The U.S. Has Lost 184 Banks This Year

By September 11, 2019CCG Catalyst, CCG Insights
Bank decline has been steady since 1986. Data from the Federal Reserve bank of St. Louis. (Note that the bottom of the y-axis is 4,000, not 0!)

Banks are disappearing from the U.S. at the rate of 0.7 per day — 183 banks have been acquired (and one has failed) so far this year, according to data from S&P Global. 88 credit unions have also disappeared in 2019.

“So what?” say fintech enthusiasts. America has too many small banks anyway, and these banks have little money to spend and no ability to innovate, so to the dustbin of history with them. But for anyone looking to sell to banks and credit unions, a shrinking marketplace should be cause for concern, and for the remaining banks and credit unions, it’s an uncertain time.

The major cores realize this, and their business is increasingly shifting to payments, as was seen in the FIS-Wolrdocm and Fiserv-First Data acquisitions earlier this year. Transactions and deposits are increasing, even as institutions go away, and this is happening alongside a boom in fintech startups. Rough estimates put the number of fintech startups at 10,000, about the same number as the combined number banks and credit unions in the U.S.

Community banks were part of a wave of services to less settled areas, arriving not long after other trappings of modernity like paved roads and electrification. A number of U.S. laws preventing interstate banking led to many small institutions centered on particular regions, and while often undiversified and vulnerable to local crises, these banks also delivered unprecedented prosperity to Americans in the form of credit and secure deposits, and remain so today for many communities.

Yet they are steadily disappearing. and those that remain hold a shrinking share of deposits. In 2009, there were about 6,800 banks, and today there are about 4,600. From the 1930s and the creation of the FDIC, until the mid-1980s, there was a steady number of about 14,000 banks. The decline has hardly slowed since it began with the S&L crisis, but community banks are always the hardest hit.

This is unfortunate for the industry at large and particularly for their communities, as losing a bank can accelerate a rural area’s decline. They are also great potential partners for fintech startups, and have the existing customers bases, if not necessarily the in-house tech talent, to test products. As headcounts shrink, there will also be an exodus of talent from the industry.

But even if banks are going away, new banks are coming, right? Sort of. There have been nine new charters so far in 2019 (up from six in 2018 and four in 2017), plus a number of new challenger “banks” offering banklike services backed by a chartered institutions. Funding to these banklike challengers has been abundant, showing investor appetite for new banking offerings. While there is promise here for customers, the industry is still hemorrhaging institutions and talent that will increasingly look to technology for jobs.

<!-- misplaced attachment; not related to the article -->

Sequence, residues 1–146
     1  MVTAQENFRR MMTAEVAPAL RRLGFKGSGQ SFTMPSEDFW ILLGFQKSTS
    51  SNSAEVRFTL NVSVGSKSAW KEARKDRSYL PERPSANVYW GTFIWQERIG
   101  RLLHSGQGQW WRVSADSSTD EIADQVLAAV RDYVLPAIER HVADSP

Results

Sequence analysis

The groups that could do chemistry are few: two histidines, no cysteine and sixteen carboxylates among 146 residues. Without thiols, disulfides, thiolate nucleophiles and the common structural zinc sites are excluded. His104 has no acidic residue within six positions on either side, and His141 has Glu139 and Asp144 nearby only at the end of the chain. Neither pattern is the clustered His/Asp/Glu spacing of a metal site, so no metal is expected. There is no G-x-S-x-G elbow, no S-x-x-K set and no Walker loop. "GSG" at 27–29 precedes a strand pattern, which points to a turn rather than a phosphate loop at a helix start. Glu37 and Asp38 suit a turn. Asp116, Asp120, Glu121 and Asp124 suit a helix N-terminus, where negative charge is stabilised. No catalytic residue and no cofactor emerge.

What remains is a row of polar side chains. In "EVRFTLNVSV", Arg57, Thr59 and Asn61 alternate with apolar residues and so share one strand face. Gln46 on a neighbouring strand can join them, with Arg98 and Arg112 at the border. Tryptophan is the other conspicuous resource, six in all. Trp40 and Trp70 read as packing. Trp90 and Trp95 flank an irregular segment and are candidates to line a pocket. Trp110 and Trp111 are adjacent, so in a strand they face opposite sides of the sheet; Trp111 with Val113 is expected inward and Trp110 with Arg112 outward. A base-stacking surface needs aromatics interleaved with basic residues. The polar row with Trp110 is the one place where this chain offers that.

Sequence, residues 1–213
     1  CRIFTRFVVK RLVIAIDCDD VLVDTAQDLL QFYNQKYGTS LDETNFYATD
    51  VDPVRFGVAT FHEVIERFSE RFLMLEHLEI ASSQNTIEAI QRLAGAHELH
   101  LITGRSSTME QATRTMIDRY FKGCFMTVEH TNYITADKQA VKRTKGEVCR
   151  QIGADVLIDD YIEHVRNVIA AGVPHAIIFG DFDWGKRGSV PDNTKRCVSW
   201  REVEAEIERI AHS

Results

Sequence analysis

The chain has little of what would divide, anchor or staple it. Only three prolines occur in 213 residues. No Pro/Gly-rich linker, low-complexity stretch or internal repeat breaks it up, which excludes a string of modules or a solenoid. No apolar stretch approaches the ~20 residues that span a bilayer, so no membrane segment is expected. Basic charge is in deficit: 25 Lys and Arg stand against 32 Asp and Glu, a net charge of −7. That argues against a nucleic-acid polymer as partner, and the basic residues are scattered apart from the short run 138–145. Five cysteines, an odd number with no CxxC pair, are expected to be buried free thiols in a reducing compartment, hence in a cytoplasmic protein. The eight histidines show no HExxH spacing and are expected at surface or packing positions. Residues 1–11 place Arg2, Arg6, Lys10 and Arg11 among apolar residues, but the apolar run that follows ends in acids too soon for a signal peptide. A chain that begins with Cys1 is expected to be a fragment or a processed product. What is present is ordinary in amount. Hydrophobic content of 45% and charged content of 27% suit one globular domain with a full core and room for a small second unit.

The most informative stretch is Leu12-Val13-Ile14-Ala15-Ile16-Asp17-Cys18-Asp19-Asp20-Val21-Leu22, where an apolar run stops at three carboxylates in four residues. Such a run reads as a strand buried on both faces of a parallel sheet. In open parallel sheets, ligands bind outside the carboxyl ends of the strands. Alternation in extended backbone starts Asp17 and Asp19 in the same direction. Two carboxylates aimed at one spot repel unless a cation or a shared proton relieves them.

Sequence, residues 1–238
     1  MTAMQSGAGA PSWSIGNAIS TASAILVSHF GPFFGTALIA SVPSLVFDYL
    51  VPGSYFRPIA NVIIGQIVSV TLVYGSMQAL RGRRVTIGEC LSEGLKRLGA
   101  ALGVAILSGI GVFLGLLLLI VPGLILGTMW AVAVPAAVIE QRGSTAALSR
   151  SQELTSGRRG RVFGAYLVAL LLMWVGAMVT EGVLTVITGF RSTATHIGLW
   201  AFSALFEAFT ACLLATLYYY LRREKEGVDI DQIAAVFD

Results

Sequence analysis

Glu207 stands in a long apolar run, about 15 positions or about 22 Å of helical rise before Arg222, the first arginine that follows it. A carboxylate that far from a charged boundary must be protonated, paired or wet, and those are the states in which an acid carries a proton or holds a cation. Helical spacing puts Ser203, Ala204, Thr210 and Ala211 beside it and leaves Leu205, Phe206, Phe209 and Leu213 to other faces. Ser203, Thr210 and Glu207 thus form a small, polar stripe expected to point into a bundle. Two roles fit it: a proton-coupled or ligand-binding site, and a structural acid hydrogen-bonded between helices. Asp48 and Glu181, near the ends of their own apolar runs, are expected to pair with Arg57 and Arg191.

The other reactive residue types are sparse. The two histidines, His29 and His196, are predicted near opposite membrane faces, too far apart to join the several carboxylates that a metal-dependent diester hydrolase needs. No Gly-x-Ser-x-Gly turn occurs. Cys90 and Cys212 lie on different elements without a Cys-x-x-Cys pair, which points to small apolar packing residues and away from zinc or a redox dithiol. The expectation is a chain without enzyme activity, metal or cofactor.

Community banks, meanwhile, must look for ways to continue serving their far-flung customers. As branches disappear, many communities will be forced to rely on nonbank lenders and quasi-financial institutions like Walmart in order to get banking done. But the banks themselves can serve these customers digitally, if they invest in mobile banking. 90% of rural residents in the U.S. own smartphones, and are as active in social media and m-commerce as urban counterparts.

The larger banks are turning to automation to create millennial and Gen Z-friendly experiences. Smaller banks can offer similar if not equivalent experiences. There are fintech startups today that are willing to offer their service for low or no costs just to prove the concept. Because branch visits are less convenient in rural areas where they are sparse than in large cities where they are abundant, mobile is relatively more valuable to rural customers. Even older customers are habituated to the mobile experience, so an aging customer base should not hold back investment in mobile.

As the industry contracts, fintech vendors should look to support these institutions, who form the bedrock of their businesses, and the institutions themselves must get creative about how to serve the customers they have and be competitive enough to gain more.

Banks and fintechs need each other on existential level. The fundamental question in any romantic comedy, according to the director Billy Wilder, is what keep the lovers apart. Banks and fintechs should consider the same question.